Tax Lien Lawyers in Surprise
In Surprise, Arizona, a "lien" is a security interest placed on a piece of property, usually land or a house, to secure the payment of a debt. It generally gives a creditor the right to take ownership of any equity that exists in the property, to secure the payment of the debt. If the owner sells the property, the creditor may also be entitled to the proceeds of the sale, up to the amount owed. It can also give the holder of the lien a higher priority status, giving them an advantage over competing creditors, if the debtor files bankruptcy.
As you might have gathered, a "tax lien" is simply a lien placed on property by the IRS or Surprise, Arizona tax authorities, to collect taxes that the property-owner has failed to pay.
However, like any other debt-collection method, a tax lien is worthless if the debtor has no significant property on which a lien can be imposed. To get around this limitation, most tax liens in Surprise, Arizona apply to after-acquired property (property obtained after the lien was created). Most other liens only apply to specific pieces of property, or property that the debtor owned at the time the lien went into effect.
Tax Lien Procedure in Surprise, Arizona
Imposing a tax lien in Surprise, Arizona is typically an uncomplicated process. Generally, the tax authorities simply have to make a determination that the taxpayer is delinquent in their taxes, and that imposing and enforcing a tax lien will actually be worth the effort.
They will then mail a document called a "notice and demand," which lets the taxpayer know that they owe money on their taxes, and that they have a certain period of time (usually 10 days) to pay what they owe.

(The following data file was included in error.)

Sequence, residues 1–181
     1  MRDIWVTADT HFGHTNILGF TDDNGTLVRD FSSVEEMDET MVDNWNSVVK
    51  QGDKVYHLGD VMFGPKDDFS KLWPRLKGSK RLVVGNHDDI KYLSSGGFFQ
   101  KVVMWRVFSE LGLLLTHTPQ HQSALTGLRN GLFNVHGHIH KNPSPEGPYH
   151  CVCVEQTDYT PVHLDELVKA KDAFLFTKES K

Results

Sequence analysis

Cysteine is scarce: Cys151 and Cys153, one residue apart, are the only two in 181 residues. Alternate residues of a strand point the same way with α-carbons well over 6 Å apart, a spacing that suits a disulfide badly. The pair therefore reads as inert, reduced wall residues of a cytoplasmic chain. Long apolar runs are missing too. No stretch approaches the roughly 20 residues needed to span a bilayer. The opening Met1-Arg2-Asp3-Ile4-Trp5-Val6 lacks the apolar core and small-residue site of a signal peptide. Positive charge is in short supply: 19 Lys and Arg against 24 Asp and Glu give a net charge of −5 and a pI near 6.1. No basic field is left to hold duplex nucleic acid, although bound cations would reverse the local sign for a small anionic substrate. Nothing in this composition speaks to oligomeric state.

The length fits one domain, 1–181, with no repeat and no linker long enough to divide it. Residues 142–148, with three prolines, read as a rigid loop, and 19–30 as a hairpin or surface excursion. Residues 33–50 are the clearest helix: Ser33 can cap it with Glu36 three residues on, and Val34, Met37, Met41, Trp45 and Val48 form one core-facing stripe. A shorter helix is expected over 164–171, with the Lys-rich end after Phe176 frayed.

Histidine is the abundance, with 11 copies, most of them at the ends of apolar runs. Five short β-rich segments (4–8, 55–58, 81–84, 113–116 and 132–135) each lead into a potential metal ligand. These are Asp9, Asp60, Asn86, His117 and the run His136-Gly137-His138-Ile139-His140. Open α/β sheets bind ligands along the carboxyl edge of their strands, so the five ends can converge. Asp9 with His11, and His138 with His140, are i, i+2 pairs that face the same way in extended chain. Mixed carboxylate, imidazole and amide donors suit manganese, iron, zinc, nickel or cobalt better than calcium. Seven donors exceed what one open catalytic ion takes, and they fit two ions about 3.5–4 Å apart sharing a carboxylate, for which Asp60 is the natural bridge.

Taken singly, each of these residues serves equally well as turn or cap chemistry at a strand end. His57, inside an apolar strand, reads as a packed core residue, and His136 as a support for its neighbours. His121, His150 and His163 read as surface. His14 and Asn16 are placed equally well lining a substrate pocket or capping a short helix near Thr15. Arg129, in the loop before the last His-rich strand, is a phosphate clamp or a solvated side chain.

If this 10-day period expires without payment, the tax lien arises automatically. Once this happens, the tax authorities in Arizona have all the rights in the taxpayer's property that any other lien holder would have, including priority over competing creditors.
But, these rights are limited. In Surprise, Arizona, and everywhere else in the United States, the IRS has 10 years to enforce a tax lien. If they do nothing about it within 10 years, the lien expires. This rule exists for a few reasons. First, it encourages the IRS to act as quickly and efficiently as possible, and not "sit on its rights." Furthermore, it acknowledges the fact that any encumbrance on a piece of property, such as a lien, makes the property less valuable. By ensuring that the lien will either be satisfied or expire within 10 years, this prevents property from being withheld from the stream of commerce indefinitely.
How Can a Surprise, Arizona Tax Lien Lawyer Help?
If the federal government, or the government of Arizona informs you that they intend to place a tax lien on your property, you will likely face some pretty complicated and daunting legal issues.
Accordingly, it's important that you hire a tax attorney in Surprise, Arizona to ensure that whatever legal rights you have in this situation are protected. Your attorney will also be able to advise you on how to best deal with the situation.